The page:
7. Run an LDIF File to Recover Back-Links in this domain. This procedure updates the group memberships of a restored security principal object or a container of objects in the recovery domain. Perform this procedure for each individual object or container that you marked as authoritative.

  8. Turn on Inbound Replication.

  9. Back up the recovered domain controller. See Perform a System State Backup of a Domain Controller by Using the Command Line (Wbadmin) (http://go.microsoft.com/fwlink/?LinkId=118357) or Perform a Backup of Critical Volumes of a Domain Controller by Using the GUI (Windows Server Backup) (http://go.microsoft.com/fwlink/?LinkId=116312).

  10. If the .ldf file shows back-links for objects in other domains, complete the procedures in Procedures for recovering group memberships (and any other back-link attributes) in other domains.

You can recover group memberships in other domains either by adding the members manually to the respective groups or by using the text file from the original authoritative restore procedure to generate one or more .ldf files that you can use to recover back-links in other domains. Be aware that restored objects might have back-links other than group memberships.

If you have restored security principal objects or other objects that have back-link attributes in a forest that has more than one domain and you do not want to restore the back-links manually, perform the following steps on a domain controller in each additional domain:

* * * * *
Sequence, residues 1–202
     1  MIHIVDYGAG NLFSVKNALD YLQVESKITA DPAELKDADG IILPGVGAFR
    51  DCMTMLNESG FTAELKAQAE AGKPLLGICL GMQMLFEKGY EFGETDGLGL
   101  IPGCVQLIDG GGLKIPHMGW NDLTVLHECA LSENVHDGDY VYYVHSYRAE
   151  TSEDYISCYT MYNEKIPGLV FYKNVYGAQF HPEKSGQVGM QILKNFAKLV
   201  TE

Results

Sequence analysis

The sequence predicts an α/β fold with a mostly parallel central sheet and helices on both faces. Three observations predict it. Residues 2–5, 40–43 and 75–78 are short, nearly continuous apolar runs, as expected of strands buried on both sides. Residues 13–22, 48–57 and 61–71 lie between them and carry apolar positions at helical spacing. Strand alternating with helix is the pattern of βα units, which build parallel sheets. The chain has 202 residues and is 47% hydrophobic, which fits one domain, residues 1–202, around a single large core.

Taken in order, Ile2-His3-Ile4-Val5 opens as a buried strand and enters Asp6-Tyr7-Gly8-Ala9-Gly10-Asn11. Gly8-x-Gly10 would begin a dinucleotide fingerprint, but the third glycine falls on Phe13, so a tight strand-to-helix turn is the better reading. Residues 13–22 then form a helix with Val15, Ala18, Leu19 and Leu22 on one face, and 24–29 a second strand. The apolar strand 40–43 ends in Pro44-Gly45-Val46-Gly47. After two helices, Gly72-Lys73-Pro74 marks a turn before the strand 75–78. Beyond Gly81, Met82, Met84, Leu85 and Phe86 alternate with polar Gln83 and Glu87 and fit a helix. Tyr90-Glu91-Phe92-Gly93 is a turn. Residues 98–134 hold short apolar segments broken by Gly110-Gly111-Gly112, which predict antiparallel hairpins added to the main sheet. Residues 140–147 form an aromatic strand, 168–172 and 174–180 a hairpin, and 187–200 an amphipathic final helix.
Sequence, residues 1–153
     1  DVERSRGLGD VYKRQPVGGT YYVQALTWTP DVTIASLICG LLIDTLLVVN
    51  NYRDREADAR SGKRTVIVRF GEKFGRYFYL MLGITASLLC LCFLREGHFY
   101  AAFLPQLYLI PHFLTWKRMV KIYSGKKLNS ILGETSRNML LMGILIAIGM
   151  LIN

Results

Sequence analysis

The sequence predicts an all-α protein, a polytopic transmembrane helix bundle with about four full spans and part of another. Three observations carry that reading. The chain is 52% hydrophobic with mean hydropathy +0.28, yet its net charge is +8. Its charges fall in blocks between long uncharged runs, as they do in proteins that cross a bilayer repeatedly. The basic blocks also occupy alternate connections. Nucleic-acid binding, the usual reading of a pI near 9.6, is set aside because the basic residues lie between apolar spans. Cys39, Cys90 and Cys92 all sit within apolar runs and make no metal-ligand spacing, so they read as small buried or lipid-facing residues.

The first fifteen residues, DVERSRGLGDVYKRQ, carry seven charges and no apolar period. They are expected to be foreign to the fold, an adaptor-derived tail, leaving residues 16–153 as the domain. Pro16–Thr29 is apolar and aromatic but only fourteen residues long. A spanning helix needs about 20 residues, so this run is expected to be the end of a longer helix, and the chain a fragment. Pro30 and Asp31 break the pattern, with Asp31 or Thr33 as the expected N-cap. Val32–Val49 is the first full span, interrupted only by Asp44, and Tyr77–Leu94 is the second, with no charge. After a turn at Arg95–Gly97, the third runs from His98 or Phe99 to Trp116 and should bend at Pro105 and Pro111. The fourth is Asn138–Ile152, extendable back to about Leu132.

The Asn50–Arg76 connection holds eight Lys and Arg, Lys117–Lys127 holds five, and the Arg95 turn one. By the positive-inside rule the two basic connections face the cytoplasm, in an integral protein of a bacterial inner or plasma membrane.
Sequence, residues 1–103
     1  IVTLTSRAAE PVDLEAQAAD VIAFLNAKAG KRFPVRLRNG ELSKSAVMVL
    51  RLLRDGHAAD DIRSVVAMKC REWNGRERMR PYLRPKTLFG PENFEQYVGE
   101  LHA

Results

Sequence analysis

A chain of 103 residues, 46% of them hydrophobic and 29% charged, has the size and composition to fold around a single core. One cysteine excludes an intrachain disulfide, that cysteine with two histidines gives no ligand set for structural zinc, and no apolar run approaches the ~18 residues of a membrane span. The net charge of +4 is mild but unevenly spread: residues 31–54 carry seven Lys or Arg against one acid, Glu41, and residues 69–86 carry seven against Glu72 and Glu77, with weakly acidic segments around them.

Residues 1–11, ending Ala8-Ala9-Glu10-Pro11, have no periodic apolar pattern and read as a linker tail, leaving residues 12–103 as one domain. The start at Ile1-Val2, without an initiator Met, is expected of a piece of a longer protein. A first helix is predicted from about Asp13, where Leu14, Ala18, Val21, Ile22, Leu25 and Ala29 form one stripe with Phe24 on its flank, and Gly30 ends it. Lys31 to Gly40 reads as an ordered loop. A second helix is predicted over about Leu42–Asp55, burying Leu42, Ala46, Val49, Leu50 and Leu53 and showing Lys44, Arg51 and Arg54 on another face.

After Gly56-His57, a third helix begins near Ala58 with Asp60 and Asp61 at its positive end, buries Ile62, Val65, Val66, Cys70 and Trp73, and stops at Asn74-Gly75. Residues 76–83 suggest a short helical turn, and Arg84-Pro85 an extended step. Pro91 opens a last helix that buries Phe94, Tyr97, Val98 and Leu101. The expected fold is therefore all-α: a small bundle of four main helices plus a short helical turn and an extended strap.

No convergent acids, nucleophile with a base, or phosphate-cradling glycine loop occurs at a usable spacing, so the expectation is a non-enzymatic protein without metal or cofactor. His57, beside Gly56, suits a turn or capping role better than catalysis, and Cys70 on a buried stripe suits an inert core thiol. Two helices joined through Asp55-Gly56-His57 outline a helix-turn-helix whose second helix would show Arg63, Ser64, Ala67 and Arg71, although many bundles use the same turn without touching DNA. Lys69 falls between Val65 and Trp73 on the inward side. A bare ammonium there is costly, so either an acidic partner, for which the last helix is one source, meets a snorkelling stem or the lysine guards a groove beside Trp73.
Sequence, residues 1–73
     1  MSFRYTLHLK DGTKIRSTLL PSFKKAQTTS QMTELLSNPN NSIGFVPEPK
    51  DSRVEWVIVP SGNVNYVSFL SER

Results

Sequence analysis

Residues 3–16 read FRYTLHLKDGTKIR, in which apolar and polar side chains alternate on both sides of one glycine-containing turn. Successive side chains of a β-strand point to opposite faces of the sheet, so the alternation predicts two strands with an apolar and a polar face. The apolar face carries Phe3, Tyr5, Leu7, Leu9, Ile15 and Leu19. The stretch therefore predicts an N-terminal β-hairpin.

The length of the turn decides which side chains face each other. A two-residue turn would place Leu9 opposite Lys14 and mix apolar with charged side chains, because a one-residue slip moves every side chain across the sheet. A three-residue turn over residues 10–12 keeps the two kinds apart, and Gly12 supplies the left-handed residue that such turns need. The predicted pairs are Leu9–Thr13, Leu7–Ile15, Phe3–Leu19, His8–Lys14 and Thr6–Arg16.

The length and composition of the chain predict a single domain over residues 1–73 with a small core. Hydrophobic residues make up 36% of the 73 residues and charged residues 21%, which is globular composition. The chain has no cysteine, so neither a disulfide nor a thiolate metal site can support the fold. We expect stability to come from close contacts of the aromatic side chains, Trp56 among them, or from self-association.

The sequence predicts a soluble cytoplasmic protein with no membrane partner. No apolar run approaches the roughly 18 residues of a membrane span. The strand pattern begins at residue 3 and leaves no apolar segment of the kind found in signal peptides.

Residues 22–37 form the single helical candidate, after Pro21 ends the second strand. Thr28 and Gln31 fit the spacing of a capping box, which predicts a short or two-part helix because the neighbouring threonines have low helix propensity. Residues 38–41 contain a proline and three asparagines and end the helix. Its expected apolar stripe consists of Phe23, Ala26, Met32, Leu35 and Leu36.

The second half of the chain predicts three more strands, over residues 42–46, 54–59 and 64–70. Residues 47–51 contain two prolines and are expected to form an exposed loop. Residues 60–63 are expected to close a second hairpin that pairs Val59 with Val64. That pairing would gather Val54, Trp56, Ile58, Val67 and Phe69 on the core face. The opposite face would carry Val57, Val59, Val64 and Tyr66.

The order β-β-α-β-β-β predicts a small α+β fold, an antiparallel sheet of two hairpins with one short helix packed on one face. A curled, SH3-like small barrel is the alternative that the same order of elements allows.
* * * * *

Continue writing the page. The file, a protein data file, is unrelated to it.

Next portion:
noteNote
For restored security principals, these steps are required only if the restored security principals have memberships in domain local or universal groups in a different domain from the recovery domain. If you restored the security principals on a global catalog server, you need to recover only domain local group memberships in other domains. In some cases, these accounts might be few enough that you can manually recreate the memberships instead of following these procedures.

  1. Restart the Domain Controller in Directory Services Restore Mode Locally

    Or

    Restart the Domain Controller in Directory Services Restore Mode Remotely

  2. Restore AD DS from Backup (Nonauthoritative Restore)

    When the group members were deleted, the member attribute (forward link) on any group of which they were members was removed from the group object. This procedure is required to restore the member attribute on group objects for those group members that were deleted. This attribute is required to regenerate the memberOf attribute value on the restored group members.

  3. While still in DSRM, use Ntdsutil to Create an LDIF File for Recovering Back-Links for Authoritatively Restored Objects.

    In this procedure, you must specify the location of the .txt file that was generated by Ntdsutil during the authoritative restore procedure.

  4. Restart the domain controller normally.

  5. Run an LDIF File to Recover Back-Links in this domain on a domain controller other than the domain controller that you restored from backup and on which you created the LDIF file. Because you have just restored the domain controller on which you created the LDIF file from backup, perform this procedure on a different domain controller to be sure that the group objects you update are current. This procedure updates the group memberships of a restored security principal object or container of objects. Perform this procedure for each individual object or container that you marked as authoritative.